13 Question 7 Relationship to domestic courts Views on the effectiveness of this approach for balancing access to ISDS with possible recourse to domestic courts and for avoiding conflicts between domestic remedies and ISDS in relation to the TTIP. Please indicate any further steps that can be taken. Please provide comments on the usefulness of mediation as a means to settle disputes. The EC s proposal has the effect of promoting ISDS to the detriment of national courts. Alternative dispute resolution (ADR) has proved to be efficient in many cases. However, ISDS does not offer the same guarantees as the latter (e.g. the need for the award to be recognised or enforced by a national court) or the safeguards embedded in the judiciary. In other words, it can be used as a means to circumvent judicial systems. This has been experienced by Ecuador. In February 2011, a court of Lago Agrio (Ecuador) condemned the US oil company Chevron to pay $9.5 billion allegedly for environmental and social harms to indigenous people in the Amazon. In March 2014, the US District Court for the Southern District of New York declared the Ecuadorian ruling unenforceable in the US, allegedly for fraud. Currently, the dispute has brought to the investor-state dispute settlement established under the BIT between Ecuador and the US. Chevron argues that its right to fair and equitable treatment has been violated and is thus seeking compensation.[9] In other words, an ISDS can be misused and be a means to evade justice. Arbitrators themselves have already recognised this threat. In the words of Mr. Juan Fernández-Armesto, [w]hen I wake up at night and think about arbitration, it never ceases to amaze me that sovereign states have agreed to investment arbitration at all. [ ] Three private individuals are entrusted with the power to review, without any restriction or appeal procedure, all actions of the government, all decisions of the courts, and all laws and regulations emanating from parliament. [10] In fact, whereas national legal systems are ruled by the principle of separation of powers, the ISDS system is neither independent nor impartial. ISDS systems do not provide institutional safeguards for independence: tenure, prohibitions on outside remuneration by the arbitrator and neutral appointment of arbitrators are not guaranteed. The judiciary must follow rules regarding procedural fairness, such as the legal standing of those whose rights or interests are affected by the outcome of the case. Under the ISDS system, undertakings can circumvent national courts remedies since there is no 12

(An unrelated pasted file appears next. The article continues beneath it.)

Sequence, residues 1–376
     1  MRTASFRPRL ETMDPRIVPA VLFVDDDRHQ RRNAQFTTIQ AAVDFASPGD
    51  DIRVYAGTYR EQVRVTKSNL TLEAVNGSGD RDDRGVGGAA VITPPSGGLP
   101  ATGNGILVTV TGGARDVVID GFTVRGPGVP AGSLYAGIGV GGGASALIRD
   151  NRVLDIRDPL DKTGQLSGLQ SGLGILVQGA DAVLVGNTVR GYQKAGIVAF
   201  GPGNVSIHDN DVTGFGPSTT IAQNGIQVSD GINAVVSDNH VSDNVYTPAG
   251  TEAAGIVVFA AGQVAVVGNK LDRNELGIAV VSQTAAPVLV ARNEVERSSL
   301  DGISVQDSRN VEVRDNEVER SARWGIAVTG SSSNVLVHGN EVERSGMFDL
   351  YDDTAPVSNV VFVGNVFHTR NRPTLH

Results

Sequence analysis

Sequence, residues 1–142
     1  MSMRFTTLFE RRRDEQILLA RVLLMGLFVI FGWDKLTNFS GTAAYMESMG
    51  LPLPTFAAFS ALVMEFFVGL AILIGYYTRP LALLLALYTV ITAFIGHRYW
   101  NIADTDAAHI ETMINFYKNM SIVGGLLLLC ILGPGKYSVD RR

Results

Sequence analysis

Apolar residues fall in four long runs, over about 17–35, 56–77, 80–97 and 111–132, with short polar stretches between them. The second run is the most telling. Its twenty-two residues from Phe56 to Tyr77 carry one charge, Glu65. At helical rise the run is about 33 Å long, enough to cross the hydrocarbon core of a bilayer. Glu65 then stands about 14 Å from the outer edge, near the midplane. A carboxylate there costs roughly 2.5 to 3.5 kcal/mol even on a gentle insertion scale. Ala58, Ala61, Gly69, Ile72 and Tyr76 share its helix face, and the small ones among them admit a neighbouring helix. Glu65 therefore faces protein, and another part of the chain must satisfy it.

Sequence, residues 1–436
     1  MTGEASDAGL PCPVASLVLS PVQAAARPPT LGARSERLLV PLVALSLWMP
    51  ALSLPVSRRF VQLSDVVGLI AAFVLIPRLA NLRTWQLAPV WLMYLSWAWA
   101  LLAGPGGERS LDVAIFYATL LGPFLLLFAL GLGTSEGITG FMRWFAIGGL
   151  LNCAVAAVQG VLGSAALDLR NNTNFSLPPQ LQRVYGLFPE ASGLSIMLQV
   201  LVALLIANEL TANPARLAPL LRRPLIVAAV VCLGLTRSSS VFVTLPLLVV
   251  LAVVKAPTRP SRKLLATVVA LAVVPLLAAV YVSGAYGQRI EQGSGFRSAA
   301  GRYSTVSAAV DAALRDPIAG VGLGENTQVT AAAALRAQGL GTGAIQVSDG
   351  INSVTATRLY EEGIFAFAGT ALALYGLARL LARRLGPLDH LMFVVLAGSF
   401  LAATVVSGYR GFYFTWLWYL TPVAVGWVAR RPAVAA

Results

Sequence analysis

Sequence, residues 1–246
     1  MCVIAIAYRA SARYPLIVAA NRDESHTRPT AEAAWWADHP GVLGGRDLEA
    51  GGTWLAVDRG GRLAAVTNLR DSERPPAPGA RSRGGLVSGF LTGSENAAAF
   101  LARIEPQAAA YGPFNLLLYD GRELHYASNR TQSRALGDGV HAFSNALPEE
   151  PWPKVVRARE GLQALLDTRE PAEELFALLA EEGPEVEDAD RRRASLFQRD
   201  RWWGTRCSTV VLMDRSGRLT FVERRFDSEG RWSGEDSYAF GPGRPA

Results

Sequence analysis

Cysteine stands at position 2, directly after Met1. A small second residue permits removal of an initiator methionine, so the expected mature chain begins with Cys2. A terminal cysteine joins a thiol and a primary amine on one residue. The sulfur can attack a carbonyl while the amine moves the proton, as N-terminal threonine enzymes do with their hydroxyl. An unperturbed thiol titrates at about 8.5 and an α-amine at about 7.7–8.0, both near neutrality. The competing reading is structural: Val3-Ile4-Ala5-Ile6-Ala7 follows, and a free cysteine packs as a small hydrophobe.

14 need to exhaust domestic remedies in order to resort to the ISDS. Under the ISDS the requirement to exhaust local remedies is waived, indeed. Accordingly, the Commission s assertion that the ISDS favours national courts is dubious. Actually, once an investor uses the ISDS, it cannot bring an action before a national court afterwards. That means that the arbitral awards acquire the force of res iudicata without the procedural or material guarantees we can find under national and international legal systems. Finally, we welcome the EC s initiative to encourage mediation. However, any mediation mechanisms should ensure both institutional and personal safeguards are in place. In virtue of the above, the EC should drop the ISDS from its TTIP agenda and implement a state-tostate dispute resolution mechanism. 13